Experience is always a great teacher. And if I can learn something through experience I like to share it, especially if I can save others any amount of hassle. Case in point: our recent experience with upgrading to Microsoft SQL 2012 and how it affected our projects and nightly builds.
This process is pretty easy for developers, but a little trickier for build masters. Here’s a skeleton of what needs to be done.
- Install SQL Server Data Tools
- Install SQL Server 2012 Express
- Upgrade existing DB projects
- Change master reference path to absolute
- Conversion doesn’t delete old .dbproj and .dbproj.vspscc files
First, you’ll need to install both SQL Server Data Tools (SSDT) and SQL Server 2012 Express on your machine.
Follow the installers and create a new named instance on your machine. I called mine “SQLEXPRESS2012”. Finally, create the necessary databases for your project.
After your databases are created, you will then be ready to upgrade your existing database projects in Visual Studio.
First, convert your database projects to SSDT. After you have SSDT installed, you can right-click on the project in the Solution Explorer and select “Convert to SQL Server Database” project.
Ensure Yes, convert to SQL Server Database Project and the Backup originals for converted files check boxes are selected.
Verify there were no errors during the conversion.
You’ll probably notice a couple things. First, your projects might have moved out of their virtual folders. Simply drag them back in if needed. Second, you have these weird xml files in your project. We will explain these in a bit.
Now, build the database project. But before you do this make sure you check your DB references since they may have changed. We had a reference to the “master” system DB that might need to be changed. To do that, delete the old reference (it probably has a yellow “warning” triangle next to it) and right-click the DB project and click “Add Database Reference…”.
The Add Database Reference box is displayed. Select “master” as the System Database and click OK.
One gotcha we found with shared projects is that SSDT seems to add these references with a relative path. For example, it added this to the end of my database project file.
<ArtifactReference Include=”..\..\..\..\Program Files (x86)\Microsoft Visual Studio 10.0\Common7\IDE\Extensions\Microsoft\SQLDB\Extensions\SqlServer\ 110\SqlSchemas\master.dacpac”>
<HintPath>..\..\..\..\Program Files (x86)\Microsoft Visual Studio 10.0\Common7\IDE\Extensions\Microsoft\SQLDB\Extensions\SqlServer\ 110\SqlSchemas\master.dacpac</HintPath>
Note: This path will be different based on the version of Visual Studio you have installed. VS2012 will be under “Microsoft Visual Studio 11.0”.
This will work well for me, but might not for anyone else that has the solution in a different directory. To fix that, simply add the fixed path to that reference. I replaced the “..\..\..\..\Program Files” with “c:\Program Files”.
Changes to Deployment
One of the changes with SSDT is the deployment process. Instead of right-clicking the project and deploying using the project settings (like below), different configurations are placed into those xml files we saw above.
The old way:
Unfortunately, the SSDT conversion tool doesn’t appear to retain your deployment settings, so we need to double-click on the configuration we want to edit to bring up a deployment dialog.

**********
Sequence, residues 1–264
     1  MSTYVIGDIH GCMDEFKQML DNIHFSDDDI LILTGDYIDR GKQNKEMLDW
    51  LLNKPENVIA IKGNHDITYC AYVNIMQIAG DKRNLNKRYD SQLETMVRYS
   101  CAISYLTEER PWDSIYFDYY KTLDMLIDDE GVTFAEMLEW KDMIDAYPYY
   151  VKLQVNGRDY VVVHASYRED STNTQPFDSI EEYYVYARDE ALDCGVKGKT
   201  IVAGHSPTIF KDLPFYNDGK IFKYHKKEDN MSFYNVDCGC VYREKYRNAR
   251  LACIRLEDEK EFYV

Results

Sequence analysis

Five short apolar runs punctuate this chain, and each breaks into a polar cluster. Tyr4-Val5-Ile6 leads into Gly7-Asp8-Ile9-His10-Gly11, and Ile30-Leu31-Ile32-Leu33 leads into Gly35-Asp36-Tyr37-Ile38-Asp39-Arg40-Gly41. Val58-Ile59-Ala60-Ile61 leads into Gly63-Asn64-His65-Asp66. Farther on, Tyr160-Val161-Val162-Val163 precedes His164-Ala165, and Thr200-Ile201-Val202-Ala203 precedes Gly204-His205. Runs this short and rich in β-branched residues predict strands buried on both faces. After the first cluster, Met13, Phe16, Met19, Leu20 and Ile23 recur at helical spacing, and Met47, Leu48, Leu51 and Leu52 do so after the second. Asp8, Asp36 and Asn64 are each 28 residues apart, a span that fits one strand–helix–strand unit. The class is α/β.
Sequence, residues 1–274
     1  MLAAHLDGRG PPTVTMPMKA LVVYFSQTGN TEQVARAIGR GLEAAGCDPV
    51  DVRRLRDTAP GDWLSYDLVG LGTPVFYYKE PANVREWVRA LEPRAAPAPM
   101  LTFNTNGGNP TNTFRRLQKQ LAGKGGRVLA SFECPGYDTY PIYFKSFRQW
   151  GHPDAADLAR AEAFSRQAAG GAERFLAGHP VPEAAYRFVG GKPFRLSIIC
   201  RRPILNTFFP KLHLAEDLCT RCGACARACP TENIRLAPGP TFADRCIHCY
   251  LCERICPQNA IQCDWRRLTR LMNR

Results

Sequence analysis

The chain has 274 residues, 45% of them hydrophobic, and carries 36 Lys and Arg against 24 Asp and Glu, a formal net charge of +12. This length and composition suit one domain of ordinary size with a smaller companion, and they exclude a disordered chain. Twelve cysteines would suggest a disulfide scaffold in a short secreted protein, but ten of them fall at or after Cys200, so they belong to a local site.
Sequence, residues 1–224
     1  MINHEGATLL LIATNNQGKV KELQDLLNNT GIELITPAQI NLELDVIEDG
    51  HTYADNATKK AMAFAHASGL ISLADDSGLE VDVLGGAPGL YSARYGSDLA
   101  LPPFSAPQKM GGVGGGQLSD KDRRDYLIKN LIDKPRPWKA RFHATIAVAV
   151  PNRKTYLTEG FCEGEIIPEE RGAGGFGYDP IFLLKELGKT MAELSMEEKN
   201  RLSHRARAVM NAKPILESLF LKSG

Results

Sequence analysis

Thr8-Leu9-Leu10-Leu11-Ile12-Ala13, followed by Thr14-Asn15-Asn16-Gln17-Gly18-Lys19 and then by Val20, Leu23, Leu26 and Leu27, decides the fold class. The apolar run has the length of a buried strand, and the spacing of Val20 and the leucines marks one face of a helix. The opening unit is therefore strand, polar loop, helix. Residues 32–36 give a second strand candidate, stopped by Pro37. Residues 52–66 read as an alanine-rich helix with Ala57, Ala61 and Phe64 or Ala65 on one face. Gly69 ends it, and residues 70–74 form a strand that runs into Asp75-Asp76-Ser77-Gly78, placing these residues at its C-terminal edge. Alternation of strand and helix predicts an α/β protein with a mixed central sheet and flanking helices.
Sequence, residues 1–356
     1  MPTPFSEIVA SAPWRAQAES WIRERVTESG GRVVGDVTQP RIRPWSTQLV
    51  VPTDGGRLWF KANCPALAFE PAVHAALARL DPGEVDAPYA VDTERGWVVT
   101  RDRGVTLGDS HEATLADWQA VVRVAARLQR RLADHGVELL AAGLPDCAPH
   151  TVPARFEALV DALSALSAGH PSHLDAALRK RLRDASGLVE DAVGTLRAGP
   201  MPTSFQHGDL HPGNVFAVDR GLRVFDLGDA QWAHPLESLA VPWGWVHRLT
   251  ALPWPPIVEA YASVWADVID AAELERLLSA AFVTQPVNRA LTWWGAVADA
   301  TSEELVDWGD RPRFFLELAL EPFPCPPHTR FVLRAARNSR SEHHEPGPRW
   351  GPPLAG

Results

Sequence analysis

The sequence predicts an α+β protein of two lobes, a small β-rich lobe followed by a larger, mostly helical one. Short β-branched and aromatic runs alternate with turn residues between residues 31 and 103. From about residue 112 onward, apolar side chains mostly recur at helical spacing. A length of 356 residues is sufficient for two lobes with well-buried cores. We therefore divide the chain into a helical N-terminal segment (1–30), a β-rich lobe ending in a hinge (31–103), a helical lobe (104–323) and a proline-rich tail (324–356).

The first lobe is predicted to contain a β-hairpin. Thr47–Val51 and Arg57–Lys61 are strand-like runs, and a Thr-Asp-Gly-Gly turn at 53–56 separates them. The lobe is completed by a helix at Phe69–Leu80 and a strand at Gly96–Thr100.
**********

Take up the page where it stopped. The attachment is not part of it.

Specify the appropriate Target database connection and any other necessary variables. Click Save Profile As… and save the xml file.
The “Publish” and “Generate Script” are self-explanatory. The new Publish reports are pretty cool and they run in the background. It shows a (human-readable!) preview of what changes it will make and has links to specifics.
The preview and summary reports look something like this:
Here’s a part that’s important for us. The SSDT conversion doesn’t delete the old .dbproj from source control, so go into Team Explorer -> Source Control and manually delete it.
Find your DB project’s folder in the tree.
Select the old .dbproj and .dbproj.vspscc, right-click them, and click “Delete”. They’ll now be deleted when you check in (and won’t mess up our custom build).
Next, we need to modify the MSBuild Arguments. Open Team Explorer, expand Builds, right-click the definition you want to change and select Edit Build Definition….
The Build Definition is displayed. Select the Process tab. In the Advanced section, locate add the following to MSBuildArguments:
That should be all you need to do for right now. The database projects should now magically deploy with the builds on their own now! We used to have a custom script for that, but TFS finally caught up to us.
Pros and Cons of Using SQL 2012 (non-DB engine feature-related)
- Our build now deploys the database on its own.
- Don’t have to use our homegrown deployment script anymore.
- Deployment from Visual Studio is easier. Just double click and go!
- More helpful deployment reports.
- SQL Server Management Studio now runs in Visual Studio 2008 instead of Visual Studio 2005.
- Have to use all or nothing. SSDT projects can point to SQL 2012, SQL 2008, SQL 2005, or SQL Azure, but that switch can be flipped for just your team build or just your local deployments/builds. We upgraded our QA database for our nightly build to SQL 2012, so all of our developers have to use SQL 2012 on their machines.
- Some people miss the old publish process.
- The file extension for SSDT projects is different than the old .dbproj files. You may need to change some custom build scripts to support the new format.